Why So Blue? Color Graces Many a Porch Ceiling

Calhoun mansion

hide captionCalhoun Mansion in Charleston is one of many buildings in South Carolina's Lowcountry that sports a pale blue porch ceiling.

Charleston Postcard Co./Calhoun Mansion

Scroll down to read listener-submitted porch stories.

From periwinkle and turquoise to more mellow shades the color of the sky, the paint of choice for many porches across the country is blue. Is it just trendy? Or a talisman of some sort?

Carl Langhorne, assistant manager at Strosnider's Hardware store in Bethesda, Md., says that some customers say they want a color that reminds them of the sky, others like blue because it's a calming color.

Still others believe that blue chases away evil spirits.

In the South Carolina Lowcountry, there's a name for the blue of porch ceiling: haint blue.

Alphonso Brown, a guide with Gullah Tours in Charleston, S.C., explains that a haint is a spirit or a ghost, and in Charleston, many people also paint the trim on their houses blue to ward off evil spirits.

Other theories also exist. Some say blue helps extend daylight as dusk begins to fall, and many, including Brown, believe that it helps keep bugs away.

Nathan Erwin, director of the O. Orkin Insect Zoo at the Smithsonian Institution, says he was unaware of the theory that blue was meant to banish bugs. He says he and his colleagues found no scientific research on the subject.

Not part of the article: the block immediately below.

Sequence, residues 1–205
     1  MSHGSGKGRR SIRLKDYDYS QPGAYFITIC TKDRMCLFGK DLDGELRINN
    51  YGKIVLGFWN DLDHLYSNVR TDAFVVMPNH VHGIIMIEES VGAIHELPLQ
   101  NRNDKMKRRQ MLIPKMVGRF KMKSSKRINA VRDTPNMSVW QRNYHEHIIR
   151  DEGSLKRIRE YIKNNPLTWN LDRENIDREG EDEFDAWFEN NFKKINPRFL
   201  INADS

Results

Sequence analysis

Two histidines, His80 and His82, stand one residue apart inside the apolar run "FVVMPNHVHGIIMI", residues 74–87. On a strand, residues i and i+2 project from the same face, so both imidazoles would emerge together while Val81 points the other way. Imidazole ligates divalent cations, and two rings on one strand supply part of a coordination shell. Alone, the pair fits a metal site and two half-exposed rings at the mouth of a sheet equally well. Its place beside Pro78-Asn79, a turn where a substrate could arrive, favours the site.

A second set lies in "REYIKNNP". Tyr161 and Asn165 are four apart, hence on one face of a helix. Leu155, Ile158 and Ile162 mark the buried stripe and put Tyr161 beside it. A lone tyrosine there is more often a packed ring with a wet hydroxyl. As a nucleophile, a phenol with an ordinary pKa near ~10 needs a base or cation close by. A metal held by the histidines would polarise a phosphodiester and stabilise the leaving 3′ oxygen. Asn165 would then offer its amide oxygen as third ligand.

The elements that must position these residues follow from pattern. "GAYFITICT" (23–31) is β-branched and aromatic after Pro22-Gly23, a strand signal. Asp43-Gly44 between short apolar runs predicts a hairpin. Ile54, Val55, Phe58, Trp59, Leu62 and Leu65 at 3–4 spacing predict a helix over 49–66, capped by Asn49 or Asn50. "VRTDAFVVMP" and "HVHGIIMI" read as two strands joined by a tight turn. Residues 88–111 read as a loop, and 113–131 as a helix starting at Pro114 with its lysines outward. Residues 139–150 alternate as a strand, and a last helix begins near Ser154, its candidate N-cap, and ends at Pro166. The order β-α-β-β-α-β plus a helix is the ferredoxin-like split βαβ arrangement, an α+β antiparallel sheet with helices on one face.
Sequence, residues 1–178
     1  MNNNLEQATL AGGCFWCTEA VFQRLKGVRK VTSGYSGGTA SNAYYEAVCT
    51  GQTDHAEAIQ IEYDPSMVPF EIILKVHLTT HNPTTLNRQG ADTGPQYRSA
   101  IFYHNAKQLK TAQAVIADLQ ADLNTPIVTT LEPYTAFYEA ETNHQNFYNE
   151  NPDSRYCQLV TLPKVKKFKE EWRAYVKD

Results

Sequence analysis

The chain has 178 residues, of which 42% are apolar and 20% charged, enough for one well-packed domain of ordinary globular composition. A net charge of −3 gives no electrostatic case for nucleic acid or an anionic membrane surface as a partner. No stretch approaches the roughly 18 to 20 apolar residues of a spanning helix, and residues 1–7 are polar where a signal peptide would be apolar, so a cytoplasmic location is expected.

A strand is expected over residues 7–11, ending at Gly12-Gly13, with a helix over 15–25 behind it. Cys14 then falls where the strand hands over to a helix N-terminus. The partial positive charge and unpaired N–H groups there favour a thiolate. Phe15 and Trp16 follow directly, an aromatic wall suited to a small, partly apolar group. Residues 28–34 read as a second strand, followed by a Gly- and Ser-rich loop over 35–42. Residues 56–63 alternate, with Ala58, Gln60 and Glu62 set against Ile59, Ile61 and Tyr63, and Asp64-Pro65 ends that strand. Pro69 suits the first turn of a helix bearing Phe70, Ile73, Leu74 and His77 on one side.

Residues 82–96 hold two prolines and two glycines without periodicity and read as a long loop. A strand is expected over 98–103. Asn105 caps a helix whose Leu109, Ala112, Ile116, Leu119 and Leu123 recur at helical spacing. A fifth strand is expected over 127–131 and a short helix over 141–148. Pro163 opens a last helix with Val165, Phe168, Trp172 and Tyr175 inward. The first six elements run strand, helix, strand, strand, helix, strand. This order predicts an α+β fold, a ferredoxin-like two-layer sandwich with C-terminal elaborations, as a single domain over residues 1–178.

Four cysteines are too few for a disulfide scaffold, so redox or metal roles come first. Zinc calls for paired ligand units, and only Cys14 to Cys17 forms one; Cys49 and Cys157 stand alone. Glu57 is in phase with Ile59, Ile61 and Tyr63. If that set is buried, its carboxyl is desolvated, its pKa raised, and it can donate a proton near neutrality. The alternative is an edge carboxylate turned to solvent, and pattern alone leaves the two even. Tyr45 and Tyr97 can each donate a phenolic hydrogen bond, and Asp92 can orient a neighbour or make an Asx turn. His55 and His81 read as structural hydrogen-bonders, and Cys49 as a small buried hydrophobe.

But that's not to say it isn't true.

"I think it's certainly an interesting study to pursue since there seems to be some anecdotal information," Erwin says. "Maybe it would be a good project for a college student or a graduate student."

Your Turn: Favorite Porch Stories

N.C. porch

hide captionA home in Old Salem, N.C.

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From childhood memories to present-day discoveries, All Things Considered listeners from across the country share their most-cherished porch stories.

A Memory Like Lightning: Unpredictable, Spectacular, Strong

One of the few benefits of living in Phoenix in August is being able to witness, first-hand, the wild monsoon storms. And it's been my experience that the best observation deck for these adolescent outbursts from Mother Nature is a plain old front porch. I'm a lifelong resident of the Phoenix area, but the best storm experience of my 48 years was in just such a setting: the tiny front porch of an old bungalow downtown, my first house as a wife and mother.

It was about 9 p.m., and I had just put my infant son, Ned, to bed when an explosion of thunder shook the house. The lights went out, and my 3-year-old daughter, Claudia, and I met in the hall, terrified. Correction: I was terrified, not Claudia. She may have looked like a little blond Dr. Seuss character, but she was more self-assured than I was, and definitely less afraid of the dark. She grabbed my hand and asked in her 30-year-old voice if I'd like to watch the storm with her. Miraculously, the thunder had not awakened the baby, so I thought it sounded like a great idea.

Claudia and I grabbed a box of Junior Mints from the kitchen and headed for the front door, lightning be damned, to watch the show. What else was there to do? As we gingerly emerged onto the porch, we eyed the gutters, bone dry an hour ago, but now flooded with surging water. Looking across the street, in front of the turquoise bungalow belonging to our unfriendly neighbor, we saw that a 5-foot Palo Verde branch had cracked and fallen from its tree, and that the nearby palm tree, poor, skinny old thing was blowing diagonally, its hair flying forward in protest.